Balancing New Taxes & Public Safety in an Insolvent City

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eBlog, 1/26/17

Good Morning! In this a.m.’s eBlog, we consider the ongoing challenge in Atlantic City—the city taken over by the State of New Jersey—but where the path back to solvency remains blurry. Yesterday New Jersey General Assembly Speaker Vincent Prieto proposed a bill to set a $2 dollar per room hotel surtax as one option to help address the city’s fiscal dilemma.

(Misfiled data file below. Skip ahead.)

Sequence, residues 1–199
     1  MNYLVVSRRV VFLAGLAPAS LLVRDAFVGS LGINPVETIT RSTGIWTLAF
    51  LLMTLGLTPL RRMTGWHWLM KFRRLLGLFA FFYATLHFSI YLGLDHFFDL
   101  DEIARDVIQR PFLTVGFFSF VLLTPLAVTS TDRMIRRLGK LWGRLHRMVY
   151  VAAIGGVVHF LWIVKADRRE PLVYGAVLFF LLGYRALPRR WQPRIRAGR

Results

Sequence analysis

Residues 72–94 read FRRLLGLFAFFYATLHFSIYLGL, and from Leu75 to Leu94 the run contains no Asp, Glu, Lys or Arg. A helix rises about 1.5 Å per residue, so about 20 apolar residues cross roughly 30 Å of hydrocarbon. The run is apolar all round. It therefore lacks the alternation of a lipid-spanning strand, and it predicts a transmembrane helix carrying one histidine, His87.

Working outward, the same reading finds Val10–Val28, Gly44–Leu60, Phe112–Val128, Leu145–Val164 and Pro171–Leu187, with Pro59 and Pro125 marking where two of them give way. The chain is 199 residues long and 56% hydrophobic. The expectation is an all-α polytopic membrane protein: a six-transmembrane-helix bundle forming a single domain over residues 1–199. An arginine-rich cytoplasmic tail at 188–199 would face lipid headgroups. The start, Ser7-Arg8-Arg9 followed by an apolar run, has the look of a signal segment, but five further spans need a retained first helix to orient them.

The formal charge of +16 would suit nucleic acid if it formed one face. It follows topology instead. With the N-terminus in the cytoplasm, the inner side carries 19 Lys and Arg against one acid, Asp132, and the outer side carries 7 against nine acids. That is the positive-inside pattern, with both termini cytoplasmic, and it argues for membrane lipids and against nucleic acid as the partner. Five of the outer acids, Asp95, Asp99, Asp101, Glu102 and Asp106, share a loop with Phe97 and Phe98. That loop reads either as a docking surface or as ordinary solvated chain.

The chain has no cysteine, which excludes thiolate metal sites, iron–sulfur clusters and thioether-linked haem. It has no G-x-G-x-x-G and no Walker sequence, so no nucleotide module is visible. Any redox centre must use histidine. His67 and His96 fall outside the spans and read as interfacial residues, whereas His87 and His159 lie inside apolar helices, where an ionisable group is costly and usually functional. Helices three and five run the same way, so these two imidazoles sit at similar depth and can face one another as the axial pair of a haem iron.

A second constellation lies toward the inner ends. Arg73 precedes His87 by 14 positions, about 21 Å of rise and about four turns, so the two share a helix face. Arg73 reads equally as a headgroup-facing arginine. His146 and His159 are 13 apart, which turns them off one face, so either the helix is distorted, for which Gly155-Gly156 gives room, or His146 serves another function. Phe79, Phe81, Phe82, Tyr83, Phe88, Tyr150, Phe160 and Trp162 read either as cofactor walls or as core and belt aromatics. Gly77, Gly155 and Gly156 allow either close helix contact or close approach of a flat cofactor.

Helping Out. New Jersey Assembly Speaker Vincent Prieto (D-Secaucus) has proposed state legislation under which Atlantic City would receive temporary authority to impose a $2 surcharge on hotel rooms in the city—a move the Speakers says would be important to avert any police or firefighters layoffs—layoffs which he is apprehensive Governor Chris Christie’s administration is seeking as a step in the state’s takeover of the city. Under his proposed bill, A4556, the authority to impose the tax would be for a two year period—revenues raised would only be available for public safety expenditures. In introducing the bill, the Speaker noted: I was adamant that any state takeover of Atlantic City not involve, among other things, police and firefighter layoffs that would threaten public safety and the city’s effort to market itself as a safe and family-friendly destination, but not everyone agreed…the harsh reality is now setting in, sadly, but I will not stand idle and allow police and firefighter layoffs to harm public safety for residents while also hurting the public’s ability to feel confident about visiting the city…Atlantic City must remain successful for the betterment of the entire state.” The proposal creates its own potential dilemma: because the city’s hotels currently remit state, luxury, casino, occupancy, and promotion taxes and fees—would still another increase create the potential to overprice rooms and discourage tourists? According to Atlantic City’s convention bureau, the city’s hotels already remit some of the highest room taxes in the country—so, for a city where tourism is the key driver for the city and its recovery, the fiscal question might be: would this be a tax too far?

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